Last Week, an eerily Orwellian opinion article by Leo Laurence was published by the Society Of Professional Journalists. The post declared that “illegal immigrant” is to be considered an offensive term and that “undocumented worker” should be used instead. Some illegal immigrants don’t work and/or may have falsified documents. Neither undocumented nor working are accurate terms in all cases with this segment of the population. However, they are definitely in the United States illegally.
Progressives have long worked to remove negative connotations through semantics, this makes historically unacceptable conditions .. acceptable. Orwell tried to illustrate this activity in 1984. In Orwell’s book, the main character, Winston, works for the Ministry of Truth. His job is to change terms and facts to those more acceptable to the ruling oligarchy. The terms must align to a dictionary published by the ruling elite. This is the art of semanticists to water down terms so that they can continue to progress their agenda without active opposition. Richard M. Weaver explored this concept in detail in his work Ideas Have Consequences.
Here begins the assault upon definition: if words no longer correspond to objective realities, it seems no great wrong to take liberties with words.
This is the tactic, but the end to which they are working is much more disconcerting – it is confusion, of course. By claiming that these are simply undocumented workers, they are disassociated with the idea that they have broken the law. They are simply workers that just don’t have some unimportant piece of paper. If Americans accept the breaking of some laws simply because the word used to describe the criminals has changed, which law is next?
Laurence attempts to defend his position by using the fifth amendment, another progressive suddenly referring to the Constitution only when it seems to favor their agenda.
One of the most basic of our constitutional rights is that everyone (including non-citizens) is innocent of anycrime until proven guilty in a court of law. That’s guaranteed under the Fifth, Sixth and 14th Amendments of the Constitution, as I learned during four-year post-doctoral studies in appellate law at the California Court of Appeal in San Diego.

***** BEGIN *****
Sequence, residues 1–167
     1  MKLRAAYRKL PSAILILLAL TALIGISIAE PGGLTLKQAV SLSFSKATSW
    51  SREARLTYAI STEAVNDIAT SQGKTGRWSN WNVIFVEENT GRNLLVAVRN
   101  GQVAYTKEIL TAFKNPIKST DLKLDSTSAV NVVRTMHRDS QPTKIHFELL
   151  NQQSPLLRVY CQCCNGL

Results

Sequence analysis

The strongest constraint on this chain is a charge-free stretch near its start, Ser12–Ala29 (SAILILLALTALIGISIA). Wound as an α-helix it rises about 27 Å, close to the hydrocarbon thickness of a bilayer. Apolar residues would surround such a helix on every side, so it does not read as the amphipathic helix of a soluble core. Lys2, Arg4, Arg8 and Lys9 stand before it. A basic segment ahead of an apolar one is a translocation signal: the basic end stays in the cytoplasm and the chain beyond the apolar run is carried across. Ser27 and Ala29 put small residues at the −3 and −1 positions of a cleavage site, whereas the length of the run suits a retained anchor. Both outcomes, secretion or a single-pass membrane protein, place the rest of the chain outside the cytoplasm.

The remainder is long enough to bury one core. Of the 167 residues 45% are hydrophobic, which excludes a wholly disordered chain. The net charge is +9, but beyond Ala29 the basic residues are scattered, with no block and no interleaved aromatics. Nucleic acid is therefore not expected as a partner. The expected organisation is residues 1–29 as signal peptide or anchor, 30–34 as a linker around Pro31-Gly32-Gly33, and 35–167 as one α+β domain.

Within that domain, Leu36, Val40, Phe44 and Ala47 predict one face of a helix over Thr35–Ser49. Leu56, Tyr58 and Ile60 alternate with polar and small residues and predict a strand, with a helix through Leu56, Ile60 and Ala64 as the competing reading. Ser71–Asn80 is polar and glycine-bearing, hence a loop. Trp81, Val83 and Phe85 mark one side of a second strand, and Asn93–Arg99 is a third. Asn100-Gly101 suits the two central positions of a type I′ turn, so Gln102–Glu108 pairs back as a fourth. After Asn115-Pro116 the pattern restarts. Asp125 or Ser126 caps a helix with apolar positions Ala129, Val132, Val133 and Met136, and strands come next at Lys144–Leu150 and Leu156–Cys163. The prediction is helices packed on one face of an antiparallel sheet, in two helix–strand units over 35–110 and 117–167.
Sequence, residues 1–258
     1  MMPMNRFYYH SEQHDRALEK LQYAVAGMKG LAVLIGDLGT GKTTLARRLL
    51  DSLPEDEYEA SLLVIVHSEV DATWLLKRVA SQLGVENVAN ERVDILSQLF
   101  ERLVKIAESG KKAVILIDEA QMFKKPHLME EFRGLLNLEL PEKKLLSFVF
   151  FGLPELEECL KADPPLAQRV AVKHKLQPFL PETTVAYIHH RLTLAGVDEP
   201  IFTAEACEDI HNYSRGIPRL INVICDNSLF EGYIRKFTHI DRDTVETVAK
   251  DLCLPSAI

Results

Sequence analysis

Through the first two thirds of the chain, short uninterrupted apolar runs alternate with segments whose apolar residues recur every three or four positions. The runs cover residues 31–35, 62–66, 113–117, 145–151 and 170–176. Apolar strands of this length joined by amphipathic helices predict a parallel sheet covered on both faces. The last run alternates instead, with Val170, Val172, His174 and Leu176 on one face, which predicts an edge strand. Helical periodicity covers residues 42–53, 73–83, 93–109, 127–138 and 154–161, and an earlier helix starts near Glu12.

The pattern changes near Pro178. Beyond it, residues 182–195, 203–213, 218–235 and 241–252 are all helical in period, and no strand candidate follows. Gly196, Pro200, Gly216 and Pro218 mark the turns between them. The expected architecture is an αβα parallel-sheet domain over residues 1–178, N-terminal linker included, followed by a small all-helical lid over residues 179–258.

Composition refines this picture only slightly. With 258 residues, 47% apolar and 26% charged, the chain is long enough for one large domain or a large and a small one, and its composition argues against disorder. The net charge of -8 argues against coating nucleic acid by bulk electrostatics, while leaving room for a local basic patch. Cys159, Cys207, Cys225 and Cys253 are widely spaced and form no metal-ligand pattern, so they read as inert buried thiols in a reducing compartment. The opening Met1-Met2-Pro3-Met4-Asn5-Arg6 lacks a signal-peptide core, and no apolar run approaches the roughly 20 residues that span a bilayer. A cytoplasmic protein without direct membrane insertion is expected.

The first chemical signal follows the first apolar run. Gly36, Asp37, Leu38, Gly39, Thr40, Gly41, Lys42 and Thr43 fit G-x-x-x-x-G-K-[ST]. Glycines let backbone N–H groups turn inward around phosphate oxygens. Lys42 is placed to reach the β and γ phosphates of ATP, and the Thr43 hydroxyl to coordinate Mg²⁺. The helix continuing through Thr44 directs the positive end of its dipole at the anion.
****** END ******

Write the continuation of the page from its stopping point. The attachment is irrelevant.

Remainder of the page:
If that were the premise for his article, he would simply be adding the term “alleged” in front of “Illegal immigrant”. That’s what is done with those accused of all crimes until found guilty. So if “Alleged Illegal Immigrant” is more tolerable, then so be it – is objective, it is factual. Once the accused informs authorities of his alien status, he then could become an admitted illegal alien. All semantics to cover the real issue. The people labelled with the moniker have immigrated to the United States by knowingly and purposefully breaking immigration law. Once that has been proven, we do and will call them illegal immigrants or illegal aliens.
Offensive terms are much less objective and may have nothing to do with facts. If we are referring to Mexican immigrants, a long-used and truly offensive term was “wetback”. I think having replaced wetback, with illegal immigrant is fair and truthful. The only ones that take issue with the term are those that would rather play with the meaning of words than enforce our laws.
In all fairness, the Society of Professional Journalists made sure no one thought that SPJ was in agreement or disagreement with Laurence. The article is headed with:
CLARIFICATION: The following article is an opinion piece and does not reflect the views of SPJ, its membership or its Diversity Committee. The committee itself has taken no official initiative on the use of the phrase “illegal immigrant.”